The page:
Революция в Петербурге: массовые протесты против губернатора города и небоскреба "Газпром-Сити"
- Архитектура Наследие
3 марта 2007 тысячи людей прошли по Невскому проспекту, протестуя против политики губернатора Валенины Матвиенко и небоскреба "Газпром-Сити".
Thousands of people marched on Nevsky Prospect in St Petersburg on March 3, 2007, protesting against the policies of city governor Valentina Matvienko and calling for a halt to the proposed Gazprom City project.
Gazprom City would include a new headquarters building for Gazprom, Russia's energy monopoly, which would be taller than New York's Empire State Building. St Petersburg has been designated a UNESCO heritage site because of its classical character. The glass-clad tower (right), designed by the British architectural firm RMJM, would change the city's character drastically.
The tower would be more than three times as tall as the tallest spire in St Petersburg, Peter and Paul Cathedral, and it would be directly across the River Neva from Smolny Cathedral, which is now considered one of the greatest examples of dramatic siting in Russia.
The design was adopted after a competition that invited entries from six avant-gardist architecture firms, none with experience in designing buildings that fit into their historic context. Russian architects refused to participate in the jury, and three of the four international architects on the jury (Norman Foster, Rafael Vinoli, and Kisho Kurokawa) withdrew because they could not endorse any of the entries, leaving a jury made up of one architect, four representatives of the government, and three representatives of Gazprom.
The demonstration, called "The March of the Disagreed", was organized by The Other Russia, a coalition of a broad range of political groups dedicated to the promotion of democracy and civil society.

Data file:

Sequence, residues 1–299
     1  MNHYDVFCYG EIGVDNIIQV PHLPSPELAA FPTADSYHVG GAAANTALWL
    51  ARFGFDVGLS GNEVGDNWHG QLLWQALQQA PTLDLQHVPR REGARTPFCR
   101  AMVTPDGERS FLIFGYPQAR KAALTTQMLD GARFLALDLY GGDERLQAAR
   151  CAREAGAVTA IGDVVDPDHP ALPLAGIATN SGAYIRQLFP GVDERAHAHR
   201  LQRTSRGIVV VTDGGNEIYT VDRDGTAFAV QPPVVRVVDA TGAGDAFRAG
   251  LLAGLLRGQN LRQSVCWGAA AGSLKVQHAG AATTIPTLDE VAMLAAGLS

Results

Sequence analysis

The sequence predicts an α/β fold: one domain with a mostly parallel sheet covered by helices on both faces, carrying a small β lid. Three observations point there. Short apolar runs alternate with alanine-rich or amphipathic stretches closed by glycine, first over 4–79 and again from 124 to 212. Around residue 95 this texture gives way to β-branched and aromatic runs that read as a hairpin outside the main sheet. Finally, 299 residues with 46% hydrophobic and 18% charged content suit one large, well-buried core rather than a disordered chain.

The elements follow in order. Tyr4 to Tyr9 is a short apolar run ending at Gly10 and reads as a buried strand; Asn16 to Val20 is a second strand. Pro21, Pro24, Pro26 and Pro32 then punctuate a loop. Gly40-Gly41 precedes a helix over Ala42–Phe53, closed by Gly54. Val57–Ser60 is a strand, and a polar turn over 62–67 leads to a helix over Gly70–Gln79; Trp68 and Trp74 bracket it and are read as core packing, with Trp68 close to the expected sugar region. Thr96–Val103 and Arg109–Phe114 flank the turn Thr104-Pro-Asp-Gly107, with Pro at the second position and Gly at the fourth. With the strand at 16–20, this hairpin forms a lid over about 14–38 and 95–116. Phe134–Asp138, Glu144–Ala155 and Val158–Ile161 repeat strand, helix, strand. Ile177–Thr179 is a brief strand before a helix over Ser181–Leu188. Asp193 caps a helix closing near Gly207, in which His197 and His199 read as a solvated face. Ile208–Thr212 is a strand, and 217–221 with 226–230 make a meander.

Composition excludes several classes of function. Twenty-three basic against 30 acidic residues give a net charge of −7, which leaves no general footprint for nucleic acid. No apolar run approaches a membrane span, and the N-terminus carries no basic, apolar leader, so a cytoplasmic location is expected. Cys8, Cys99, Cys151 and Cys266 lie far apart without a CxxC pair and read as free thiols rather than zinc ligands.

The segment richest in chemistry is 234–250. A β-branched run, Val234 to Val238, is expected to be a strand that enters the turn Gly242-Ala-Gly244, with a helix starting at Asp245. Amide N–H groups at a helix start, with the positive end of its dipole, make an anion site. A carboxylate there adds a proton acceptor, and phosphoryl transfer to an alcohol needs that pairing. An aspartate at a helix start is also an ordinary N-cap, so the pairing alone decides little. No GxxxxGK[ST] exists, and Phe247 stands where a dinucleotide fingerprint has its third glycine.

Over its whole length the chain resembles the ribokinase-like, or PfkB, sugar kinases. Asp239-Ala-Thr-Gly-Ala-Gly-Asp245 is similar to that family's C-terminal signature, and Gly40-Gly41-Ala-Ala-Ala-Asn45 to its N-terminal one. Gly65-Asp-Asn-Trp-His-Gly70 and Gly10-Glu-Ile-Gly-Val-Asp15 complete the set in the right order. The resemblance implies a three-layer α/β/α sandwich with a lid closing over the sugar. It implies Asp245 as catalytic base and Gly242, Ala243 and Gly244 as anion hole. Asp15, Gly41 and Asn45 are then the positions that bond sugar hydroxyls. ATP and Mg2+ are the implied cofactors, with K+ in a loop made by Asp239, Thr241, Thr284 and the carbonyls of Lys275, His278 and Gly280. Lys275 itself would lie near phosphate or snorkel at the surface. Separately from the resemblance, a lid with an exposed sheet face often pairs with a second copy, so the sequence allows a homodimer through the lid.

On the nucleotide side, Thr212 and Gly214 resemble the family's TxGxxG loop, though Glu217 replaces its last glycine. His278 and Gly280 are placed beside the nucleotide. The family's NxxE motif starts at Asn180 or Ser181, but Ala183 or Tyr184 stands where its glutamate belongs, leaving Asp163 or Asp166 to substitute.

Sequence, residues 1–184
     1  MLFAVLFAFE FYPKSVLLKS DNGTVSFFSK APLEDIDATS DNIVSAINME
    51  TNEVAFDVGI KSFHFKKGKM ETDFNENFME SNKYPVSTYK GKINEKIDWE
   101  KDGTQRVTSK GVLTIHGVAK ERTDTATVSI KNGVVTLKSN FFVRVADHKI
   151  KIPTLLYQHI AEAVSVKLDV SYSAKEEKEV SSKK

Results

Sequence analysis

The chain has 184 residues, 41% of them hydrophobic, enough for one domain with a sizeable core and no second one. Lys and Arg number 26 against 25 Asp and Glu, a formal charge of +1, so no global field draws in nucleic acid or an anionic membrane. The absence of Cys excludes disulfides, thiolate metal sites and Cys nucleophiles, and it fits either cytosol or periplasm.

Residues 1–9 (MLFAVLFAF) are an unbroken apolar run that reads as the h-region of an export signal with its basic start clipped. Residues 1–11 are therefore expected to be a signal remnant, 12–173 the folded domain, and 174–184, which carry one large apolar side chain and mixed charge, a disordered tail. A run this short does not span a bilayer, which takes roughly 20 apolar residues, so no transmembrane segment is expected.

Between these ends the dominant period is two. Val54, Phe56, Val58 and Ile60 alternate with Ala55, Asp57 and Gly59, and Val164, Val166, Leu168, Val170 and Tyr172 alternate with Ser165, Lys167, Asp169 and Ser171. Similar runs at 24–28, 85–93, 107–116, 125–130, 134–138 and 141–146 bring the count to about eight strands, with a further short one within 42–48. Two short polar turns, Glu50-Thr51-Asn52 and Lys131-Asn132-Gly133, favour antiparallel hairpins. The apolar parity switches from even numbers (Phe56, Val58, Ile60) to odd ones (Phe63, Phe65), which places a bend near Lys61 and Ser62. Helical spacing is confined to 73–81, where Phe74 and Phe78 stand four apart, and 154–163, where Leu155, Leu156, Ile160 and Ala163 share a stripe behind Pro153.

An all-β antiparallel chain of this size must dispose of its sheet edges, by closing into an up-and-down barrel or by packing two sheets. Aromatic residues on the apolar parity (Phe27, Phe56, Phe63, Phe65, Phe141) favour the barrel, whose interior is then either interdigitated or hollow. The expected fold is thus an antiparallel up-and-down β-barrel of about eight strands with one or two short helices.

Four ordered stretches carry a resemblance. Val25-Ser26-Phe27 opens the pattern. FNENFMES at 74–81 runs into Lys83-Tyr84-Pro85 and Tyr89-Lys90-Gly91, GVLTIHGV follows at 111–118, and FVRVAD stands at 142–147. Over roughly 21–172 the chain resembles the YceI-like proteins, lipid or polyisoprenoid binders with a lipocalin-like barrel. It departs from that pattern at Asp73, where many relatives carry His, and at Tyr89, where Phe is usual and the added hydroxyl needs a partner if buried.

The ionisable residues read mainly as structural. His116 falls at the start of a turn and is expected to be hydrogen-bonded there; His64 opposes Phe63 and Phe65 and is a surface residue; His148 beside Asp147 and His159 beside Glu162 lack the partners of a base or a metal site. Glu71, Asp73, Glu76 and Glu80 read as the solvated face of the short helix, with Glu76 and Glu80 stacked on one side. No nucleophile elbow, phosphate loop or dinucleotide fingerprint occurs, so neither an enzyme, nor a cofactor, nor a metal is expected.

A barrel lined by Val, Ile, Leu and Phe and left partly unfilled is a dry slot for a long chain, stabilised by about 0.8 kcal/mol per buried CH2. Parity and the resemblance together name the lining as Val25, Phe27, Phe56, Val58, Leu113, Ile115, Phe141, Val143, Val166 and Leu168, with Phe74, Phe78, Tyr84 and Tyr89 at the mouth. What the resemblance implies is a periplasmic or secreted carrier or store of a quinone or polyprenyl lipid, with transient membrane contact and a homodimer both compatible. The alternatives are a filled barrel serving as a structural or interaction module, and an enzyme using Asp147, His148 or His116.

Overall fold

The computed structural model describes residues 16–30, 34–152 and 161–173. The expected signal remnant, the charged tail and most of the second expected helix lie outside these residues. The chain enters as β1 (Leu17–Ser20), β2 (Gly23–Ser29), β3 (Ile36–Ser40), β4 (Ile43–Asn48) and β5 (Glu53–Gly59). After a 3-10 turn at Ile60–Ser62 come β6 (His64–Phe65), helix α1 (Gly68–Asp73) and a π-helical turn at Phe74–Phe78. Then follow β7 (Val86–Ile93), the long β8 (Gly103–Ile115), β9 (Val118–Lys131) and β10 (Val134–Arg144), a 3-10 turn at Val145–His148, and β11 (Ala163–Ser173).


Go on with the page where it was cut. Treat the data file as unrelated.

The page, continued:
The demonstrators adopted a statement prepared by The Other Russia calling for free elections of the St Petersburg government, for an end to evictions, and for an end to projects that "scandalously distort [the]centuries-old historic image of St Petersburg". It asked Russian president Putin to stop St Petersburg governor Matvienko (who is allegedly appointed by Putin rather than elected) from proceeding with the $2.5 billion Gazprom project.
Protest organizers included Gary Kasparov, the chess-champion, and Mikhail Kasianov, a former prime-minister of Putin's government. Though they submitted papers in advance, as required by law, organisers did not get approval for the demonstration on the grounds that it would disrupt traffic. Organisers estimated that 3,000 to 5,000 people attended, while official government accounts said that "800 hooligans attended".
For more background about opposition to Gazprom City, see the earlier INTBAU article here.
To sign a petition opposing Gazprom City, go to